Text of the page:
From his treatment and long hospital stays, Will remembers the activities provided by the Child Life Department, as well as visits from the therapy dogs and the Wilkes-Barre/Scranton Penguins.

“He also liked the slushies very much,” Kelly said. “We always tried to keep it light during treatment. We goofed around and laughed, and Child Life helped with that.”

When Will finished treatment and started playing sports again, he had a hard time running after being still for so long. It took a full year for him to completely recover and get back to himself.

Will is now back into sports with his favorite sport being a tossup between soccer and basketball. He also plays piano and is learning to play alto saxophone — but mostly he just loves sports.

“Do you remember the Spice Girls? Well, we call Will ‘Sporty Barrick,’” Kelly said. “It was a strange thing when he was sick, because he was the healthiest child and was always active. It was a real blow watching as he couldn’t move. He was just laying around.

“The one thing I would say is it never crossed my mind that he wouldn’t make it out of that situation,” she said, tears welling up in her eyes. “I didn’t even consider it. I don’t know if that was a good thing or a bad thing, but I just kind of plowed through it.”

Brett and Kelly agree that Will is a fighter and was very strong through his specialized treatment at Geisinger Janet Weis Children’s Hospital.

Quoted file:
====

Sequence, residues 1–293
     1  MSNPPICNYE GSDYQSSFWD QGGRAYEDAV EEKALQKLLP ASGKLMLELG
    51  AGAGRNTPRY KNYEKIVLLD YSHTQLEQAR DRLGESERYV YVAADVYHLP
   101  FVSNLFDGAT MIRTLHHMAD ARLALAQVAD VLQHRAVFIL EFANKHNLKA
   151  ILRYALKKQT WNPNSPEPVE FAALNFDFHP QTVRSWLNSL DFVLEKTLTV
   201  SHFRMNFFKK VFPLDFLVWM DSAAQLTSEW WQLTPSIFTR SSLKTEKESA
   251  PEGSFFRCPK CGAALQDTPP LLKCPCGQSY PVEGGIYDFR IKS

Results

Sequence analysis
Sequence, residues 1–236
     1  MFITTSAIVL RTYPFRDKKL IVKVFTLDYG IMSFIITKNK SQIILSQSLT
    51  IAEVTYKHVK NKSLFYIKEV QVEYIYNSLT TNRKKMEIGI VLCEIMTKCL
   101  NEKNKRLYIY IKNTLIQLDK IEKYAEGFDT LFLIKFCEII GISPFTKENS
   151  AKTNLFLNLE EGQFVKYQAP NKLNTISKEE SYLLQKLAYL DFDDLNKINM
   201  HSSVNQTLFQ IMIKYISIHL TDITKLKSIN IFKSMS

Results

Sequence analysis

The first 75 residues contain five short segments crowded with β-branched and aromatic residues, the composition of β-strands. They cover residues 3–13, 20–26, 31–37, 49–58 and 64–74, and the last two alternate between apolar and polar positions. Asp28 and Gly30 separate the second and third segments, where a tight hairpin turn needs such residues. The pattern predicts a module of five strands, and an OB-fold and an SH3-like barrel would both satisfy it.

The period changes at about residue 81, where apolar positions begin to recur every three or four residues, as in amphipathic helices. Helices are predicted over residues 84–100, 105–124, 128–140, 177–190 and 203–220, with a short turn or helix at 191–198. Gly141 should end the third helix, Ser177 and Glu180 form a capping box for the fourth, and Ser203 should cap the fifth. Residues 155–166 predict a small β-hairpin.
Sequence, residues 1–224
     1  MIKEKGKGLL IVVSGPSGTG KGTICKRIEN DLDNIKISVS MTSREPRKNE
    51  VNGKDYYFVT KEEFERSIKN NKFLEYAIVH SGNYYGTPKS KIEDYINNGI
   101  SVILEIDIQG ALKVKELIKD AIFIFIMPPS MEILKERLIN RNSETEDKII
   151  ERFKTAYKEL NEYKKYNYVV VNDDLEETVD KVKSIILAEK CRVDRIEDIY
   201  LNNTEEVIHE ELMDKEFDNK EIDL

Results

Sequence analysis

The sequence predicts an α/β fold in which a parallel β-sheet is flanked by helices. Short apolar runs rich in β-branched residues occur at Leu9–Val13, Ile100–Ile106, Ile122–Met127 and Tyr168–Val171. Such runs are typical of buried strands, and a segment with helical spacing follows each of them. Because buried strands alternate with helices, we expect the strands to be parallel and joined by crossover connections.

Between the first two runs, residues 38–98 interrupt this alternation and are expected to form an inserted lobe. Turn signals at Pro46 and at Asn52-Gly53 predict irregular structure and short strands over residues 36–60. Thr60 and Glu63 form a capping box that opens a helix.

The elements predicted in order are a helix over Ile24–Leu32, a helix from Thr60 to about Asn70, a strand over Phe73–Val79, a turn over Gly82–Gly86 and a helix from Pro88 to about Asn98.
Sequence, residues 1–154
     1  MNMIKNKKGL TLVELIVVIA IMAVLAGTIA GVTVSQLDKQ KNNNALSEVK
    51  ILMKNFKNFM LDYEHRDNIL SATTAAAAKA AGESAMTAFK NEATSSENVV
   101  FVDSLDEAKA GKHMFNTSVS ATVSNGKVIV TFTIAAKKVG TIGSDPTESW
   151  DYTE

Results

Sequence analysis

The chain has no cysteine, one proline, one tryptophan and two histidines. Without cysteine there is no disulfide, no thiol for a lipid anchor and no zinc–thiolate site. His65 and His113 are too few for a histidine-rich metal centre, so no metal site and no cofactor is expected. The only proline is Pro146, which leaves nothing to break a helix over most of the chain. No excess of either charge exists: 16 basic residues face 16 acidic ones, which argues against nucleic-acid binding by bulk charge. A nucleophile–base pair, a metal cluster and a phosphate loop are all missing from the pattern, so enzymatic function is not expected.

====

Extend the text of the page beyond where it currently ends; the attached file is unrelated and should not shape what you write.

“Although we were aware of the seriousness of his condition, I personally acted with the conviction that Will was going to beat the cancer. The opposite was unthinkable to me,” Brett said. “We were confident that Will was receiving state-of-the-art care.

“He is a miracle, because anyone who can suffer the pain and sickness which he did and do it with a smile — except when needles were around — is very special,” Brett added.

In addition to providing funds to the Child Life Department at Geisinger Janet Weis Children’s Hospital, Children’s Miracle Network at Geisinger also allocates money to Camp Dost, a program of the Ronald McDonald House of Danville. Camp Dost is a weeklong specialty camp for kids who are undergoing treatment for or who have overcome cancer. Will has been a participant at the camp since 2013, when he went for the first time right before completing his final treatment.